The build quality is impressive though and as you can see in this image, I did manage to get the Samsung Q1 keyboard working with it. The mouse didn’t work.
The screen has good viewing angles and the speakers are reasonable too. Set-up was, as always with Android, a breeze and working down in my studio I was able to see hotspots that I don’t usually see so the Wifi seems strong.
I’ll leave it there for the time being as we’ve got a live session running with the Acer Iconia Tab A500 this evening where we’ll find out everything there is to know. We’ll record some of the session and get it written up for you in a first-impressions post at the weekend.
Honeycomb tablets are starting to filter-in so naturally, I need a permanent device to test upgrades and new applications with. There are three models available in Europe (my location) at the moment.
The Motorola Xoom is a tablet that I’m personally not that impressed with. At 580 Euros for the Wifi version that doesn’t have a working microSD card slot yet I think it’s way too expensive. Prices will come down fast of course, (MRRP is 629 here so discounting has already started) but today, it’s not the device I would choose.
I had an order in for the Asus Eee Pad Transformer which I think is one of the more interesting options. At 422 it’s offering much the same as the Xoom for a much more realistic price. Unfortunately, stock is limited and my order got pushed out into June. I cancelled.
The third device on the market is the Acer Iconia Tab A500. It has been available for a few weeks in various geographic locations and when I saw it available for 499 Euros and with 24hr delivery (32GB version) I jumped at the chance.
Details on the Acer Iconia Tab A500 are available through our product page. (click right) and we’re please to see DLNA and 32GB of storage.
The Acer Iconia Tab A500 (not the AMD/Windows based W500) looks like its taken second place in the race to get Honeycomb tablets to the streets. There’s no more waiting in Taiwan because our friends Sascha and Nicole from netbooknews (German site) have already bought one! Sascha wrote in his german site this morning that he’s on his way to get one for the equivalent of 429 Euro and in a recent tweet he says â€“ â€œErste Eindruecke vom Acer Iconia Tab A500: Absolutes Schnaeppchen und einer der zukuenftigen Android 3.0 Bestseller! inch which means his first impressions are that it’s an absolute bargain and a future best seller. Strong words Sascha. JKK and I will be questioning you about it in this weeks MeetMobility podcast (Live Friday, 11am Berlin time)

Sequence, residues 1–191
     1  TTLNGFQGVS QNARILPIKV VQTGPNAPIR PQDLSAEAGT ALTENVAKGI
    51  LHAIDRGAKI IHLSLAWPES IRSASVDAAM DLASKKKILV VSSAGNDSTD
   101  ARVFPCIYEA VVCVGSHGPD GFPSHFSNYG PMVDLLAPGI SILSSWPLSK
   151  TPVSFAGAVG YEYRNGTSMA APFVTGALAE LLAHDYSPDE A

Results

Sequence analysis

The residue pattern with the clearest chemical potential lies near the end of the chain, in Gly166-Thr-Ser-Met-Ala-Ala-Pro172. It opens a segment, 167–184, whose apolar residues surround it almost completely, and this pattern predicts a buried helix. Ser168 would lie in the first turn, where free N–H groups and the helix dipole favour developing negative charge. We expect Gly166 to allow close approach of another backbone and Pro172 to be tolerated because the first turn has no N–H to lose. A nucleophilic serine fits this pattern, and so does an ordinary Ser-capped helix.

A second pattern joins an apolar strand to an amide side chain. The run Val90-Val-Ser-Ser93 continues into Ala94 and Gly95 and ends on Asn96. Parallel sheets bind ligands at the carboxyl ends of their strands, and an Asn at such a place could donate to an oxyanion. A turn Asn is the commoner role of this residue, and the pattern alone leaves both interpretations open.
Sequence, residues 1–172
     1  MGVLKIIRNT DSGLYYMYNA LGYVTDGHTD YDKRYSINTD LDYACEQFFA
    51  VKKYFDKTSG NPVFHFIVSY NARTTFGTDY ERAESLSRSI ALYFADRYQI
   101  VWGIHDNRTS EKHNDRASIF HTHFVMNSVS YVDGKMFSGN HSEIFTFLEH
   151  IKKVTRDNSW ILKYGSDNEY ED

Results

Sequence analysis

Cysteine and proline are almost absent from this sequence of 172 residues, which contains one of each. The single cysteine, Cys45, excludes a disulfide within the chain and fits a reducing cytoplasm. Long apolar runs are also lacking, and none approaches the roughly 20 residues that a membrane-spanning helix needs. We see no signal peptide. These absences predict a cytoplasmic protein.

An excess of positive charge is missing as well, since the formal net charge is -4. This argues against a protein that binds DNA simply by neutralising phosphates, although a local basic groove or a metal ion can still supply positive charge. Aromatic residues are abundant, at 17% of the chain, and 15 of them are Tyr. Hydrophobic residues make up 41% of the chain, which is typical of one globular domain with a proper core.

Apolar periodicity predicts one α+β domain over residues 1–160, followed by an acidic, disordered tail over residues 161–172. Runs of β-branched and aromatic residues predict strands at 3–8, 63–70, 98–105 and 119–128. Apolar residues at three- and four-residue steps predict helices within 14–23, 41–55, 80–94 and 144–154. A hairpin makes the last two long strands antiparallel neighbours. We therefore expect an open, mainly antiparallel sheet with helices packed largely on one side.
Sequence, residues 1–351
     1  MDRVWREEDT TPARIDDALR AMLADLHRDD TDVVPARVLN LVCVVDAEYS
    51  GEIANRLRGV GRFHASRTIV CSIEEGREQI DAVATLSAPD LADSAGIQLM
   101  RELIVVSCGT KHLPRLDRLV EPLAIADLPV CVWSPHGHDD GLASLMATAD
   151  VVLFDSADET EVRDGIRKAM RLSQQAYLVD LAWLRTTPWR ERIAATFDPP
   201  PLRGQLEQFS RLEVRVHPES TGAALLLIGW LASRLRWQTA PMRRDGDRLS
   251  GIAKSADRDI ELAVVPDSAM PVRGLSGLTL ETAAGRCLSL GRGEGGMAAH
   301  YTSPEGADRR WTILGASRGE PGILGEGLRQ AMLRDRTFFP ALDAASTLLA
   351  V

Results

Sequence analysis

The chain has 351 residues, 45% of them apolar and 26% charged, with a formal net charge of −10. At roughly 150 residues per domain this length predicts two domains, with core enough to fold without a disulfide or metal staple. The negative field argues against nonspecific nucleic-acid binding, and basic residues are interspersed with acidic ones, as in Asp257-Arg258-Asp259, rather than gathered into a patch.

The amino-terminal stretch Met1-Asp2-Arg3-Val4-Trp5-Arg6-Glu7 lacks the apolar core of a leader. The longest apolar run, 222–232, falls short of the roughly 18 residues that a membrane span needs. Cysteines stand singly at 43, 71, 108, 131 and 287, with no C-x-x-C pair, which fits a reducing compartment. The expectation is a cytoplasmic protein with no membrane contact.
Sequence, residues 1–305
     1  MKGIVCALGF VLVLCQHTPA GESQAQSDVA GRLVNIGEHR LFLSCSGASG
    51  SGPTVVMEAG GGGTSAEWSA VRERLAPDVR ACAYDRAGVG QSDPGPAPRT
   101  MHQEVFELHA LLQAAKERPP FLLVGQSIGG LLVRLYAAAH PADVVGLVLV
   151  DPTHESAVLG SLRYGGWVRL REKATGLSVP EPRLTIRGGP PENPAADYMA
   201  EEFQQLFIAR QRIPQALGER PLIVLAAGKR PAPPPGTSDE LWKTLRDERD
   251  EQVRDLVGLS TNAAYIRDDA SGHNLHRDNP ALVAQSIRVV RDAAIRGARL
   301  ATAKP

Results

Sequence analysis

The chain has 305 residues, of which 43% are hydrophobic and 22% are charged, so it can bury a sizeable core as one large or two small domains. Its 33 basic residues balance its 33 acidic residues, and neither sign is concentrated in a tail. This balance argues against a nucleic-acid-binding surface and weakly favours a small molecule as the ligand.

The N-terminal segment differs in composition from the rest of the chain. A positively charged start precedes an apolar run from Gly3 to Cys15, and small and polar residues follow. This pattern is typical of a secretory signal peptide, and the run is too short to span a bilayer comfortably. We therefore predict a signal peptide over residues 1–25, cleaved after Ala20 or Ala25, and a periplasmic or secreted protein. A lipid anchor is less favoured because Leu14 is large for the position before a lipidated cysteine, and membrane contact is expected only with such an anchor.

We’ll update with the unboxing video from the netbooknews team after it airs, we suspect, later today. What we already know though is at that price, Acer is once again doing a great job of shaking up pricing. European availability is expected in a week or two in the 399-430 Euro range.
I’ve been through the details with a fine toothcomb and on one had I’m quite excited about a sub 1KG tablet with an acceptable CPU, good GPU, hi-res wide-view screen, UMTS and docking station for 599 Euro (current average online prices, Germany) but when you look at the weight / battery life ratio, it isn’t that good. Acer have only managed to squeeze in a 36Wh battery which means you’re looking at 3-4hrs usable battery life. Add the dock (which doesn’t look like it’s built for the road!) and you’re up over 1.5KG.
Taken as a tablet only, it actually looks like an interesting proposition. With CPU power up at the top end of the netbook range and GPU that blows away anything based purely on Intel netbook platforms it should perform smoothly. 2GB of RAM and Windows Home Premium give it media serving capability. Throw in the UMTS/HSDPA and it gets even more exciting.
At the end of the day, and specifications list, I’ve a feeling that this is going to work well as a hot-desking solution. It should serve well as a home desktop for anyone not getting involved with hundreds of browser tabs or video editing and the grab-and-go capability means it can be used in a more casual manner now and again. It looks fun too!
For ultra mobile PC fans though, it’s just too heavy. An upgraded 1.25KG Asus 1015PN with 6hr battery would be a much better choice for true mobile computing.
I’ve just shot a video of the Iconia A100 tablet here at MWC and its an interesting one. Tegra 2, Honeycomb, 5MP AF cam, gyroscope, hdmi outand possible 3g. No word on pricing or timescales. This could make a great mobile gaming device.
Video coming later.